National campaigners Sisters Uncut staged a protest in the public gallery of a Full Council meeting yesterday following a passionate plea from Chief Executive of charity Aurora New Dawn to protect local domestic violence services. By Sarah Cheverton.
Local campaigners UP Antifascists joined with trade union and anti-austerity protesters at a rally in the Guildhall Square protesting cuts to public services ahead of a Full Council meeting on Budget Savings for 2016/17.
Following the rally, Shonagh Dillon, Chief Executive of Hampshire charity Aurora New Dawn, which works with victims and survivors of domestic and sexual violence in Portsmouth, gave the following deputation to Portsmouth councillors.
The council budget savings report proposes to cut the specialist, in-house domestic abuse service, the Early Intervention Project, from 13 members of staff to 5.
Aurora New Dawn absolutely opposes these cuts, and here are just some of the reasons why.
Portsmouth City Council has a public duty to protect the vulnerable. This duty extends not only to victims whose lives are devastated by domestic abuse every day, but also to thousands of children who deserve lives free of danger and fear.
We believe the process by which these cuts were suggested is flawed, particularly in the failure of the Council to consult with the myriad of organisations whose services intersect with your own. This partnership working ensures that Portsmouth currently offers 24/7 support to victims in the city.
Aurora provides a DVA cars service out of hours that refers these victims to EIP. This and many projects like it have been endorsed by the Safer Portsmouth Partnership and the city council. It makes no sense not to consult with other service providers and it makes no sense to withdraw the service, which captures hundreds of victims that might not otherwise have accessed help.
This brings me to the serious danger these cuts will create for victims. Since 2011, Portsmouth, to the envy of the rest of Hampshire, have not had a domestic murder, which is a testament to the investment of the council and the voluntary sector in this city thus far. However, these cuts will mean that the vital work of murder prevention will not occur. I have worked in this sector for over 20 years and I can tell you that without these services, victims will be killed.
Of course, in a few years’ time, Councillors can change their minds, realise their mistake, reinvest the money. But you will not be able to restore a murdered mother to her children, a daughter to her parents, a friend to her community. These cuts are literally playing with people’s lives.
In closing I would like to bring your attention to the people protesting outside and to the 42,000 signatures gathered within a week opposing these cuts on a petition – please recognise that the eyes of the country are on Portsmouth today.
I challenge councillors to ask their conscience how much opposition from their own constituents they need before they listen to them.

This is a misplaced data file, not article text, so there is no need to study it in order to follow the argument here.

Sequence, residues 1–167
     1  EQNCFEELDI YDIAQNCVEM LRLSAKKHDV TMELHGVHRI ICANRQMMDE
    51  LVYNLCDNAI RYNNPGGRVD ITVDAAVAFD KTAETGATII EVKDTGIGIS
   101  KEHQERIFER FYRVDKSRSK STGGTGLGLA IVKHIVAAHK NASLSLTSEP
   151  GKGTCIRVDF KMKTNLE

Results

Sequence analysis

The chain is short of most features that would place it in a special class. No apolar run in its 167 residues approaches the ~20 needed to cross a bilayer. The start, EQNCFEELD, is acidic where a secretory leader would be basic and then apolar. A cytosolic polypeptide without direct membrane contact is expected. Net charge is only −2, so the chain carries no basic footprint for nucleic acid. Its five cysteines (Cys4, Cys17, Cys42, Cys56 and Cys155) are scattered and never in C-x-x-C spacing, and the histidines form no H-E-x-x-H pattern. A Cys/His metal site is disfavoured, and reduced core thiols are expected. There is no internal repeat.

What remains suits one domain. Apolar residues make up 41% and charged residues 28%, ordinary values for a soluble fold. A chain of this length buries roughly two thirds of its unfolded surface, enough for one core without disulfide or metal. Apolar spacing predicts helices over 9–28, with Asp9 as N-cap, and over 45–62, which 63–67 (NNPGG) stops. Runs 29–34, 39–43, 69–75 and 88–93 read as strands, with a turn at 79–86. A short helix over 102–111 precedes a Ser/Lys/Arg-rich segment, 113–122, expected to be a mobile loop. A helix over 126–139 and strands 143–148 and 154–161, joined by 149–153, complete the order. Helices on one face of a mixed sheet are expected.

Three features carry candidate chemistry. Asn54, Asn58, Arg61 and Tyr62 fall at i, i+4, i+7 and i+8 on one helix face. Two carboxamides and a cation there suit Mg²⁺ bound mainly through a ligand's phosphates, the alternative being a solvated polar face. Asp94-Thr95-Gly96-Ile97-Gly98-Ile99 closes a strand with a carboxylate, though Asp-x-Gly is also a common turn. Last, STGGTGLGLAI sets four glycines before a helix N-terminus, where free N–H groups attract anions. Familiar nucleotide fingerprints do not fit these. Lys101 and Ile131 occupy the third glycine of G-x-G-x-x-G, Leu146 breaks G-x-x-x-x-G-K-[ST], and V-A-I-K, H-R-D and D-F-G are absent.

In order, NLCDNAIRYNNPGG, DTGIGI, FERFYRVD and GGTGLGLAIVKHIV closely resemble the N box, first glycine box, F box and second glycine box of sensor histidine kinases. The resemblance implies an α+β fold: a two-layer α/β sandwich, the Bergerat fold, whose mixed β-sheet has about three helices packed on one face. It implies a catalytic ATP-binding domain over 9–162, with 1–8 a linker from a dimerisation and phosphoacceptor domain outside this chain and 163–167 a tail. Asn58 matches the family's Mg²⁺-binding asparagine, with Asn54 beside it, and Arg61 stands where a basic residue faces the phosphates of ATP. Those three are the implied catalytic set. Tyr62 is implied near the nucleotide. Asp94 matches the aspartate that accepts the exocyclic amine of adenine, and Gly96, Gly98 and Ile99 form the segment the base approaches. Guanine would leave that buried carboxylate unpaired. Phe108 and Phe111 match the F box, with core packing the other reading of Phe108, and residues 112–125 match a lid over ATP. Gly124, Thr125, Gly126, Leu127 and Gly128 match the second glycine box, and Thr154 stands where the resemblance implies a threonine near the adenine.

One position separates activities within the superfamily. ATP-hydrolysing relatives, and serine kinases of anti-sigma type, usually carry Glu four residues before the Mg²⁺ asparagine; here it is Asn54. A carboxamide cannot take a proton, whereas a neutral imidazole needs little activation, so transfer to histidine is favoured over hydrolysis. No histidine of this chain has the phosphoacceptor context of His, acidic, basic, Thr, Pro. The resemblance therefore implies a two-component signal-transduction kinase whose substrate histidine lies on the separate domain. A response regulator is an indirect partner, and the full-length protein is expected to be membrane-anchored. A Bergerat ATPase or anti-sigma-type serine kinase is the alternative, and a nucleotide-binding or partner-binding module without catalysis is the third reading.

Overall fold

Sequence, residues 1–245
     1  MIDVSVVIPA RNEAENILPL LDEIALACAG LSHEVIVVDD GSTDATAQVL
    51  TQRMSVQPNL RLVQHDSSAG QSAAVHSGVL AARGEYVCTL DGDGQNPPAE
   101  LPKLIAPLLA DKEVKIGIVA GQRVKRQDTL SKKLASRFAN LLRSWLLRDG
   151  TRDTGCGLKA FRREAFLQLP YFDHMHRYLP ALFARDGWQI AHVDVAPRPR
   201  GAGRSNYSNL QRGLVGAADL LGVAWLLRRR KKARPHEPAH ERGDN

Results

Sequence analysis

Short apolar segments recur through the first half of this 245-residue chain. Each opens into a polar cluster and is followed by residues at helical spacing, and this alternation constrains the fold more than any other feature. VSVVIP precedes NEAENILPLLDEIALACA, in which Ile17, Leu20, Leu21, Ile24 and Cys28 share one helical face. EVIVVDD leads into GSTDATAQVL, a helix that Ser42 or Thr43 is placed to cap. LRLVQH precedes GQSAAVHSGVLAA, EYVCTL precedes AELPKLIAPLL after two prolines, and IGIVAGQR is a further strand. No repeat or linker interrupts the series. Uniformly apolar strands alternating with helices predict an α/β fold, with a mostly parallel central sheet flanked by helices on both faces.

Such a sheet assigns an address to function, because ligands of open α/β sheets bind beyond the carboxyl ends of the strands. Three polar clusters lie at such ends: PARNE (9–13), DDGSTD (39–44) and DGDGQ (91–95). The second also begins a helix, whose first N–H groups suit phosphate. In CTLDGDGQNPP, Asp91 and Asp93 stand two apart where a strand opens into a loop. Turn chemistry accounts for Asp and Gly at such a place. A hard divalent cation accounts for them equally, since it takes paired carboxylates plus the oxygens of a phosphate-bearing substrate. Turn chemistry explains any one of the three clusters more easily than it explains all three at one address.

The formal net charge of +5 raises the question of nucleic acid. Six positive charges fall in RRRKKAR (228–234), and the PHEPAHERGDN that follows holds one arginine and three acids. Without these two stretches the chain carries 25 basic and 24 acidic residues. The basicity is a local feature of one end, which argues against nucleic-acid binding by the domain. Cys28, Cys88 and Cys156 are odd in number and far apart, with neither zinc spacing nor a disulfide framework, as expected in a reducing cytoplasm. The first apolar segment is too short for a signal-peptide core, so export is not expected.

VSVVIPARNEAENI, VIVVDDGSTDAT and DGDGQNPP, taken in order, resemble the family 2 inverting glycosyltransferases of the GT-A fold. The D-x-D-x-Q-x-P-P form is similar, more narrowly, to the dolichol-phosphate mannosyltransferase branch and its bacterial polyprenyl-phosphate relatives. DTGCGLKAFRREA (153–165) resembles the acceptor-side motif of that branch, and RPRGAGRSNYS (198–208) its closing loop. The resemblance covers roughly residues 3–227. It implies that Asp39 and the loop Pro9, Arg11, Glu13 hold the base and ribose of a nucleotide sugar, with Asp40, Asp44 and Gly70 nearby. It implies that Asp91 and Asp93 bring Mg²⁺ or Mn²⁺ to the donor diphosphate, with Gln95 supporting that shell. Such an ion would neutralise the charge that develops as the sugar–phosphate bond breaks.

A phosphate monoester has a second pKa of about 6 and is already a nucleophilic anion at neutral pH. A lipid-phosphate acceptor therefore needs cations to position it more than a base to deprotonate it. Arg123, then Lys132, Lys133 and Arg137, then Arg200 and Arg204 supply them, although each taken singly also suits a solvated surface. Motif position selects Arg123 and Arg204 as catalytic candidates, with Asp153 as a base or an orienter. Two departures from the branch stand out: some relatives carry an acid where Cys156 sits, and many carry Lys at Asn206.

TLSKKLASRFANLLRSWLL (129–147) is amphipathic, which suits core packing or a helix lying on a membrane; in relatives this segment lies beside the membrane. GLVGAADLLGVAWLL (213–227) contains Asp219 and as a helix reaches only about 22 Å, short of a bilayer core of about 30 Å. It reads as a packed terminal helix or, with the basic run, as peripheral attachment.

Councillors from the opposition Liberal Democrat party and the public gallery erupted into a long applause as Ms Dillon stopped speaking. Shortly after, demonstrators from national direct action group Sisters Uncut broke the rules of the council chamber by unfurling a banner that read: CUTTING DV SERVICES KILLS WOMEN.
Despite attempts from security guards to remove the banner, Sisters Uncut protesters held on to it as they chanted ‘They cut, we bleed’ and loudly beat a drum. Spectators in the public gallery cheered and joined in.
The Council meeting was temporarily adjourned and was reconvened when protesters left the public gallery of their own accord. Several opposition councillors remained in the Council chamber but most Conservative councillors took the opportunity to leave.
When the meeting was reconvened, Council Leader Donna Jones said she had spoken to the Sisters Uncut demonstrators before the meeting and had pledged to work with them to lobby the Conservative government about cuts to domestic violence services being carried out by the Conservative-led administration in Portsmouth.
In her introduction to the budget, Cllr Donna Jones said that the funding reductions to the Early Intervention Project were not cuts. She explained that savings could be made to the service as EIP staff could deal more effectively with domestic abuse if they weren’t ‘sat behind pcs’. Her remarks caused some consternation in the public gallery as the Leader seemed to be accusing staff from the Council’s own nationally accredited service for domestic abuse of incompetence and/or laziness.
Sisters Uncut responded to the Leader’s remarks on Twitter:
— Sisters Uncut (@SistersUncut) December 8, 2015
However, the Leader stood by her comments, tweeting during the budget meeting:
@SandCPompey so true!
— Donna Jones (@DonnaPCC) December 8, 2015
With much of the debate dominated by party political in-fighting between former Council Leader Gerald Vernon Jackson and current Leader Donna Jones, the budget was finally put to a vote after hours of debate. Councillors voted to pass the Conservative administration’s budget with 24 in favour, 12 against and 3 abstentions.
Closing the debate, Lord Major Frank Jonas said, “There were quite a few outbursts tonight but on the whole I think we were sort of friendly.
“…I believe we’ve got to do this again in February, so have a nice Christmas, won’t you.”
Photography by Sarah Cheverton. Video from Spotted Portsmouth.